The Land Rover Discovery will soon receive a minor cosmetic update – as well as a new mild-hybrid diesel engine lifted from the Evoque.
These new spy shots are our first look at the facelifted Land Rover Discovery. The British firm’s updated off-roader will go on sale later this year, boasting a minor cosmetic revision on the outside, a subtly updated cabin and a range of new mild-hybrid diesel engines, lifted from the Range Rover Evoque.
Styling revisions are restrained, stretching to a pair of new LED headlamps and some fresh LED tail lights. Buyers will also likely be offered a few extra paint finishes and alloy wheel designs. But overall, the new Discovery will likely carry forward the current model’s looks.
Interior updates should be a little more substantial. Like the soon-to-be revised Jaguar F-Pace – with which the Discovery shares its platform – this facelifted Land Rover should receive JLR’s latest Touch Pro Duo infotainment setup, which comprises a new 10.2-inch central screen and separate display for controlling the car’s heating and air conditioning systems.
However, the biggest news is the potential introduction of mild-hybrid technology to the Discovery’s diesel engine line-up. DVLA records show this mule is registered with a diesel-electric powertrain, suggesting the revised SUV will adopt the same 48-volt mild-hybrid system found in the Range Rover Evoque.
As such, we can expect a new, electrically assisted version of the Discovery’s 177kW 2.0-litre four-cylinder diesel engine, fitted with a small battery pack and a belt starter-generator. This recuperates braking energy, enables the engine to turn off and coast at low speeds, and provides an electrical boost during acceleration, to reduce the load placed on the engine and reduce CO2 emissions and increase fuel efficiency.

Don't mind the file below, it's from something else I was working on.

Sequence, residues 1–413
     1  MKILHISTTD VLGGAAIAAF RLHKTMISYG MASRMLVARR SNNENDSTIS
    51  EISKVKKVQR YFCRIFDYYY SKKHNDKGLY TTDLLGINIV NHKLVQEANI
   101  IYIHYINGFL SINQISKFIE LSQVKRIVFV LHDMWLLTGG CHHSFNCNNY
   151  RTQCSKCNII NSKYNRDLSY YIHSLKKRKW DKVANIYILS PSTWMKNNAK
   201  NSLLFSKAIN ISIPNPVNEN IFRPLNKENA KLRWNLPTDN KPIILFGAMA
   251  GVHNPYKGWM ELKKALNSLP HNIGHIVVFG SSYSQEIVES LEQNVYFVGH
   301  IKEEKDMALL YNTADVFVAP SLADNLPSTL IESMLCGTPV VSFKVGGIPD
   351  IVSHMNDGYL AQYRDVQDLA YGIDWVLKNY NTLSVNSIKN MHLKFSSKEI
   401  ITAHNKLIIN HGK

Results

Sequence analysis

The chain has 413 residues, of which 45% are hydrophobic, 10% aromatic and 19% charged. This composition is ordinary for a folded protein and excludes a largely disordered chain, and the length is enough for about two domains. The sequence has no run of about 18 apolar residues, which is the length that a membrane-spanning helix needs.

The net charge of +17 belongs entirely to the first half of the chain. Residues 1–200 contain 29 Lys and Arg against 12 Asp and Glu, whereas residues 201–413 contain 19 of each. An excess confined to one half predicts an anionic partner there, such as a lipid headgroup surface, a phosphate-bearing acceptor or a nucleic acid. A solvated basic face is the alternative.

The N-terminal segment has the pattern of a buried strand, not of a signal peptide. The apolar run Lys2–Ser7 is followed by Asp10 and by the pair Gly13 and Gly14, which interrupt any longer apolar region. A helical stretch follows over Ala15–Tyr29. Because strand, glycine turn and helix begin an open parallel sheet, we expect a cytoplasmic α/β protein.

A 133kW and 221kW version of the same 2.0-litre diesel engine will also be available, fitted with the same technology, and all three powertrains will be fitted with a permanent four-wheel-drive system and an eight-speed automatic gearbox as standard.
Eventually, buyers could also be offered a new plug-in hybrid powertrain. The Land Rover Discovery Sport and Range Rover Evoque are now both available with a plug-in setup consisting of a turbocharged 1.5-litre three-cylinder petrol engine powering the front axle, a synchronous permanent magnet motor driving the rear and a 15kWh battery pack.
Total system output stands at 227kW and 540Nm of torque, which gives the Evoque PHEV a claimed 0–100km/h time of 6.1 seconds, a maximum all-electric range of 66km and an official WLTP fuel economy figure of 1.4L/100km.
Given the added size and weight of the seven-seat Land Rover Discovery, it’s likely that Land Rover’s engineers will look to leverage the P400e setup found in the Range Rover and heading to the new Defender. This uses a larger 2.0-litre turbocharged petrol engine and an electric motor mated to a 12.4kWh battery, enabling 298kW, CO2 emissions of around 70g/km, and all-electric motoring up to around 50km on a single charge.